Break the Etiquette

In not-so-quick succession, Redmond ingratiates himself while a soldier in both the British and Prussian armies, lands a job as a spy with the Berlin police, and while at the job goes turncoat, joining up with a fellow Irishman he is supposed to be investigating for cheating at cards with Prussian royalty. After sneaking across the border, the two of them continue card-sharking noblemen in neighboring countries. In these hellish-red gambling rooms (lit only by candlelight for authenticity and filmed with specially-manufactured Carl Zeiss lens), populated with grotesqueries in powdered wigs and beauty spots, there’s no sense of “sticking it to The Man” or anything else subversive, it’s just what they do to get along. When our boy Redmond Barry gets tired of that he makes the key mistake of setting his sights on the lovely cipher who is Lady Lyndon and entering into a world full of people corrupt to the core and uncaring (or even unaware) of the world outside their opulent but suffocating rooms. This inert, closed-shop of privilege is studiously re-created by Kubrick almost to a fault: its deadening disconnect is so realistic that the emptiness is seen to be in the technique and not in the theme.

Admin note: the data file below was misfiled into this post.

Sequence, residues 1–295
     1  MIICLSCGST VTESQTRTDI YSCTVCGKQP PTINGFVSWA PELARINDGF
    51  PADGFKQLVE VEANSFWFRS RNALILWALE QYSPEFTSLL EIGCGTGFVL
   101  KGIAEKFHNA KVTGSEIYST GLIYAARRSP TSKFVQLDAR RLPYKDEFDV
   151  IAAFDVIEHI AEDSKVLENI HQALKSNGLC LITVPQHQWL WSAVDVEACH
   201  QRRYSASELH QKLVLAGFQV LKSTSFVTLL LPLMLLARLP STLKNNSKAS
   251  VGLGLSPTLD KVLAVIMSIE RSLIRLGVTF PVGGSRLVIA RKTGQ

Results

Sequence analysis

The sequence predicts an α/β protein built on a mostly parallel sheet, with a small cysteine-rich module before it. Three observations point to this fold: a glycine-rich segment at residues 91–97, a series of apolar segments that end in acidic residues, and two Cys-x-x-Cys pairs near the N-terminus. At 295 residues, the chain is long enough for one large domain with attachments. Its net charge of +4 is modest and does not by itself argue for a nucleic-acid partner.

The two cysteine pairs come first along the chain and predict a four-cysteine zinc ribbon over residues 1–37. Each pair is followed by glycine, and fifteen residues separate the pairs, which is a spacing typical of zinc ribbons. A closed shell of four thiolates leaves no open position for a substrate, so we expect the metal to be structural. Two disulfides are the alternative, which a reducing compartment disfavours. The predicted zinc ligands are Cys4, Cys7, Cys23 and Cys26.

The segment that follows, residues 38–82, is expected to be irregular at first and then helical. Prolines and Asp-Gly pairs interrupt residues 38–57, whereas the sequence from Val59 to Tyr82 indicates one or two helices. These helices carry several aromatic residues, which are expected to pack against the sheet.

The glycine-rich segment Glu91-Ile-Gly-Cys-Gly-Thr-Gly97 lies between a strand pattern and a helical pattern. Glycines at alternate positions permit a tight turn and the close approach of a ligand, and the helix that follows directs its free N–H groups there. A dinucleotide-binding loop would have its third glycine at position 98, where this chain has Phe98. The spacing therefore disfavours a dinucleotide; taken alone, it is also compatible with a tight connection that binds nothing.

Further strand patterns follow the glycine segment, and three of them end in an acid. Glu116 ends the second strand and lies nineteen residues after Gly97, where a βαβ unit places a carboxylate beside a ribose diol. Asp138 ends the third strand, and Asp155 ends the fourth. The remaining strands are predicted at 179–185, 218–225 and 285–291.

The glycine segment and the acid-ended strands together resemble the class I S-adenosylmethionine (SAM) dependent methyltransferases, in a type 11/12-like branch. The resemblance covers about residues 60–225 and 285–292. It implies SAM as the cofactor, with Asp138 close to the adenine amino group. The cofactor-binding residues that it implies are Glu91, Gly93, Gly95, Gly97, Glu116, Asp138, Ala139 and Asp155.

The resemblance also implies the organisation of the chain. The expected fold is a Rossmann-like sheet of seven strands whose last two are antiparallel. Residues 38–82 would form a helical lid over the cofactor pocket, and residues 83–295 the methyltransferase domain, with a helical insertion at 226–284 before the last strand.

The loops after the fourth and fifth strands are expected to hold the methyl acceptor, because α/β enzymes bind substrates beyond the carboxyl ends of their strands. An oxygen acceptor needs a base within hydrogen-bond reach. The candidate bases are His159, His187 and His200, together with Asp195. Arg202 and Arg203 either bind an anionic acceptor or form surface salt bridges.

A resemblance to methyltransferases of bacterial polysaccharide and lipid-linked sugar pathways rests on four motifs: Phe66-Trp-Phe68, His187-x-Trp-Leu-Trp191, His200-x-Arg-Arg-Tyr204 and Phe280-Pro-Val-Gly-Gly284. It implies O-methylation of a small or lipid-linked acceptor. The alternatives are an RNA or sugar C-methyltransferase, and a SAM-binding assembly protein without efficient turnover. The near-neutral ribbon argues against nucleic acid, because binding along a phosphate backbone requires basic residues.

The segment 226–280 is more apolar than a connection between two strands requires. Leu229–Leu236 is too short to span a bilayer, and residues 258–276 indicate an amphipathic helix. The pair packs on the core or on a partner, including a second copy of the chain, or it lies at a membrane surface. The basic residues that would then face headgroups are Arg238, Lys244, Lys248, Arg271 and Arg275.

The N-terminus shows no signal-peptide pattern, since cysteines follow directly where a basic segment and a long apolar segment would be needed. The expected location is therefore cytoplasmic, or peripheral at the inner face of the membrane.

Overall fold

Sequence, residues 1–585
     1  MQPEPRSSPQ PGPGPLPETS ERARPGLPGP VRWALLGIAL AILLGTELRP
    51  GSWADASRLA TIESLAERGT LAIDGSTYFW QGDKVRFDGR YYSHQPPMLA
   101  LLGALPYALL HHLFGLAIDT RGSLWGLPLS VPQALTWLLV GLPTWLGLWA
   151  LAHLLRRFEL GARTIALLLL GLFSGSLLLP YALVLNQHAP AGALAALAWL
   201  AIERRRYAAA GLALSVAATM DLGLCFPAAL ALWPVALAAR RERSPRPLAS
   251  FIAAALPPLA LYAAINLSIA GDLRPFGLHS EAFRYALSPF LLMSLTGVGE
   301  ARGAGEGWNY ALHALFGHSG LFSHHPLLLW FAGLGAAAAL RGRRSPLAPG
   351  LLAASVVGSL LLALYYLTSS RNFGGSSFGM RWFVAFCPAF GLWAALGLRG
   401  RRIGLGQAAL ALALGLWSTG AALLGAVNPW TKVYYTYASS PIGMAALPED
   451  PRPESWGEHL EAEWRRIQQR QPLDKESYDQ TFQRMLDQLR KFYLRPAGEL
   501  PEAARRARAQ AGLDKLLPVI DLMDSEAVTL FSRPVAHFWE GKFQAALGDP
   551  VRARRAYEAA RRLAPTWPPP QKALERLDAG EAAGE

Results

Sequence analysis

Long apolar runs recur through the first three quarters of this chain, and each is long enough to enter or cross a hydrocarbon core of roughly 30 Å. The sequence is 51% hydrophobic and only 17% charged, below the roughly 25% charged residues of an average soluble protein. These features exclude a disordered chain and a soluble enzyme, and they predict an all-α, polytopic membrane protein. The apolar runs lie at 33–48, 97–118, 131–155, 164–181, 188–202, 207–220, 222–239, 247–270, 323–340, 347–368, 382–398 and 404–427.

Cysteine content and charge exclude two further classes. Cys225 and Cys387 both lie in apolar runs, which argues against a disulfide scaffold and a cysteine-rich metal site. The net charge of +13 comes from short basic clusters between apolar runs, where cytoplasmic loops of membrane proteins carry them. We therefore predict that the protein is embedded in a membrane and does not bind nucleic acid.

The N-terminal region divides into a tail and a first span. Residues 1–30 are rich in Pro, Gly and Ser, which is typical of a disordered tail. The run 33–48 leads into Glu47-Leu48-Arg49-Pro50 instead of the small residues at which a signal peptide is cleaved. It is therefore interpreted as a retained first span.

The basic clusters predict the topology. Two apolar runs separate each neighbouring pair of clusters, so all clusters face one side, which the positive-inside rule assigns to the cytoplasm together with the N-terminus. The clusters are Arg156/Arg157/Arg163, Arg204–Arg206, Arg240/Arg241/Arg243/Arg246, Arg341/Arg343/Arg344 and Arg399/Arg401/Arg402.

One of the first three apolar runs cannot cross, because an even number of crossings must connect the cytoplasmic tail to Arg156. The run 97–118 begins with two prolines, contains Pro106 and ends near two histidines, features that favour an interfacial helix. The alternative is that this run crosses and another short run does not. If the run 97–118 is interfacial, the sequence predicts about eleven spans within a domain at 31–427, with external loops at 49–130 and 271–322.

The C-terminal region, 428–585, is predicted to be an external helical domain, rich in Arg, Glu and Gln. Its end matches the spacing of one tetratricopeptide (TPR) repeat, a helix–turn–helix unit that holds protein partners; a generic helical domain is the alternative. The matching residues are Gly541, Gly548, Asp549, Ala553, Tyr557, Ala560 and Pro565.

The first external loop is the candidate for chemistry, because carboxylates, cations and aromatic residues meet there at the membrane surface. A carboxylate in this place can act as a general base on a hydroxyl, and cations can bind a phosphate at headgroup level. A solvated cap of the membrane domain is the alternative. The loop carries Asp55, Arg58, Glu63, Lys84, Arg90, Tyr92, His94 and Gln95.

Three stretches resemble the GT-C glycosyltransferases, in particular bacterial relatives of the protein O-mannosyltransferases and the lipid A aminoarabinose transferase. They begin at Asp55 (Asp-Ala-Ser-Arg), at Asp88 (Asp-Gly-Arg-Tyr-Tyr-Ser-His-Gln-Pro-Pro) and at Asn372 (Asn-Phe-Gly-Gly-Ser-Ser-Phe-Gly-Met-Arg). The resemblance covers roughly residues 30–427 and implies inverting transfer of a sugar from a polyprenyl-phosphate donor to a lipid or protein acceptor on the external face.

In this fun, fan-made trailer, Barry is recast as a 18th Century bad-ass taking on the aristocracy single-handed.

Barry Lyndon opened in December of 1975 to the usual mixed critical cacophony that greeted any new film by the maximalist Bronx-born director, who had long since moved to England. “A three-hour slide show for art history majors,” sniffed inveterate Kubrick-hater Pauline Kael, who wasn’t the only one to complain about the film’s languid pace. There were also many writers who admired it and the film’s original trailer protested this praise a bit heavily, knowing that it would be a hard sell for those more used to the glad-handing nature of more conventional Hollywood fare.

What everyone did agree on was the movie’s gorgeous visuals. Barry Lyndon may remain the most formally beautiful film ever, and in early 1976 it won Oscars for cinematography (John Alcott) as well as for Art Direction, Costume Design and Musical Score, while being nominated for Best Picture and Director “Kubrick’s message is that is that people are disgusting, but things are lovely,” Kael continued, the sort of quippy reductionism that seemed to earn her a lot of followers at the time. It should have been at least somewhat obvious that it was the class system that was disgusting and was (or so it seemed) about to be relegated to the dustbin of history by a revealing detail in the film’s drawn-out final scene.

barry-lyndon 4
There are unconfirmed reports that while filming this scene, Stanley Kubrick called out, “Don’t fire until you see the whites of Pauline Kael’s eyes.”